“It’s one of the most popular female sport programs in high school in Pennsylvania, New Jersey and Maryland,” Hoskins said. “What has changed over the past 10 years is our biggest growth in youth hockey. It’s being played by younger players, and is an alternative to soccer, basketball and other sports. As people have moved away from traditional areas, we have programs in many more areas. We have programs in Florida, which is one of the fastest growing areas. Texas is another. Michigan is another.
“The change is a much younger demographic in the growth. And it’s been by clubs. Before there weren’t any clubs — it was just a high school sport. And like many things in America in youth sport, growth has come around.”
Sharkey said there is a lot of work to be done to grow the game in other areas of the country but says the sport is getting bigger.
“I think girls are starting to play at a much younger age, which is helping to raise the skill level overall in the country,” she said. “On our team right now, we have teenagers who are really strong players and able to contribute on the international level, which 10 years ago was very rare for a teenager to step onto the national team. That says a lot about the sport.”
While field hockey is growing somewhat, many Americans are unfamiliar with the sport. But it is fun to watch, including how amazingly fast the ball moves when the players hit it.
“That’s why it’s good to see it live at the very elite end,” Hoskins said. “People should be encouraged to watch the Pro League. If you can’t make it in person, which is the best way to experience it so you can cheer on Team USA, it’s great to watch on television and see the athleticism and the speed and the intricate skill. People will see that it’s a very cool sport.”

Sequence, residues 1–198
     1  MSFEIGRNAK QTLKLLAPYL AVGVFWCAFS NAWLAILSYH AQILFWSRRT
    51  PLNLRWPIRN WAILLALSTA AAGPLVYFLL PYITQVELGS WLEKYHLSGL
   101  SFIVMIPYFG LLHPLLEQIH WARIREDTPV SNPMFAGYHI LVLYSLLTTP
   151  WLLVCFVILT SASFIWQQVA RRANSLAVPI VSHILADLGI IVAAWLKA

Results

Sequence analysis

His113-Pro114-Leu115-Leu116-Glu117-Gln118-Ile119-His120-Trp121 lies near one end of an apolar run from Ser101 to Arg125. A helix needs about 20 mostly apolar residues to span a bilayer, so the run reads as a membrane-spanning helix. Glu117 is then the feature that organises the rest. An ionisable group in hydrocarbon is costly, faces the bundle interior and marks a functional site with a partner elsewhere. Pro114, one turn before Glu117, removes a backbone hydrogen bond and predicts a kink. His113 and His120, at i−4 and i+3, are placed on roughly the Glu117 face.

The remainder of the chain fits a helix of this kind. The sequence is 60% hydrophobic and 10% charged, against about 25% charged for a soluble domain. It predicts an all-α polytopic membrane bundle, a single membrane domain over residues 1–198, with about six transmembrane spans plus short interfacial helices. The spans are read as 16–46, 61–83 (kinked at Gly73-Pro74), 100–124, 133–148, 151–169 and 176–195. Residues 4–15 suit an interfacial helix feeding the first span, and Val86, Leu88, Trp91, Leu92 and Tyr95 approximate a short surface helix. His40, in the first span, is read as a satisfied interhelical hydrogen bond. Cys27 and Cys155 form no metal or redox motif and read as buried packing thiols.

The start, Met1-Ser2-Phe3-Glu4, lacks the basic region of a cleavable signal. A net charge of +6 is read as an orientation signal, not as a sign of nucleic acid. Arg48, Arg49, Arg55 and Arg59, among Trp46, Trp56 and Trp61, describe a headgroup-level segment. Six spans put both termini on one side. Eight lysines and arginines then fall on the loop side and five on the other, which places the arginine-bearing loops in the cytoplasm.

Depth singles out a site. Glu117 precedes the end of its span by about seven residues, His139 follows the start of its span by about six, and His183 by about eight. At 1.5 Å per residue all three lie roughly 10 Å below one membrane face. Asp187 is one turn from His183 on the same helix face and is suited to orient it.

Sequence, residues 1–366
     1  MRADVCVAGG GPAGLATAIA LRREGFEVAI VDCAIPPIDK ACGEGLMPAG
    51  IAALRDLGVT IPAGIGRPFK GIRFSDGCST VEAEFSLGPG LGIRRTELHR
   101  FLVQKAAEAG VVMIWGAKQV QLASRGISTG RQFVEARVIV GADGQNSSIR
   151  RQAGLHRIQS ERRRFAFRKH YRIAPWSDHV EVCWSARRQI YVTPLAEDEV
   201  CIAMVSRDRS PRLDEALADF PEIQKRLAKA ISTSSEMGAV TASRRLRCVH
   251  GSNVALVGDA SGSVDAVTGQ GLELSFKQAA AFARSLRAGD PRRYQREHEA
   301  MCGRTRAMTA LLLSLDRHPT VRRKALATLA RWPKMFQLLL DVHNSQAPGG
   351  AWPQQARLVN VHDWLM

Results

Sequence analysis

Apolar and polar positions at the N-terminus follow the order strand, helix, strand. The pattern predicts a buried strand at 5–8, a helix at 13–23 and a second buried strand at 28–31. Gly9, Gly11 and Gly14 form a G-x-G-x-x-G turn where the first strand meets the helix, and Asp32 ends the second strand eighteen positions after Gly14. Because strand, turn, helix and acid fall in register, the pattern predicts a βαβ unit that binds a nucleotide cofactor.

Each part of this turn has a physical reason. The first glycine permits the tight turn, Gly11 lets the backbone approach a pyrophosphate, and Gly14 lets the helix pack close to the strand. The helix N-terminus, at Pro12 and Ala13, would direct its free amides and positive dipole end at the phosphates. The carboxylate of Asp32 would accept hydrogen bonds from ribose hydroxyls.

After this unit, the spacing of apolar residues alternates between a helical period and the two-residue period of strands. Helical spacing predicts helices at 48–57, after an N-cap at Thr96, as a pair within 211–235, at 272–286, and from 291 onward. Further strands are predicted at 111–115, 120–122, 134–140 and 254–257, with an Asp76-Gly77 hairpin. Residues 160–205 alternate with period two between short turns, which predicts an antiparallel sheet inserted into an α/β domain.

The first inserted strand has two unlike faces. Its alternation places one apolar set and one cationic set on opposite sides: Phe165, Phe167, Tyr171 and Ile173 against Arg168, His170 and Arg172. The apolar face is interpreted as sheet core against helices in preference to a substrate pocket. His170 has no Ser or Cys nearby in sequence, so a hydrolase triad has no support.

Seven of the FIH Pro League games in the U.S. will be played in Lancaster, Pennsylvania, with one game in Winston-Salem, North Carolina. The first game of the season for Team USA, meanwhile, is Feb. 2 against Argentina in Cordoba. There is a fierce rivalry between those two teams, with the U.S. beating Argentina at the 2016 Olympics and also surpassing them at the 2015 Pan Am Games.
“Argentina is a very good team and very dangerous on the attack, but they’re always fun to play against,” Sharkey said.
The U.S. team is coached by Janneke Schopman, who won gold and silver medals playing for the Netherlands at the 2004 and 2008 Olympics. The Netherlands is currently ranked as the No. 1 team, but the strongly experienced and committed Schopman could likely help the U.S. rise from its No. 12 ranking.
In addition to playing well in the FIH Pro League, the U.S. wants to win an Olympic medal again in 2020. And given how they have been steadily improving, that’s quite possible, even though the Olympics will be in Tokyo rather than Los Angeles.
“Our ultimate goal is to win a medal at the Olympics next year but right now our current focus is on qualifying for that,” Sharkey said. “That is our primary goal for 2019 — to qualify for Tokyo and go from there.”
Jim Caple is a former longtime writer for ESPN and the St. Paul Pioneer Press based in Seattle. He has covered sports on six continents, including 12 Olympics and 20 World Series. He is a freelance contributor to TeamUSA.org on behalf of Red Line Editorial, Inc.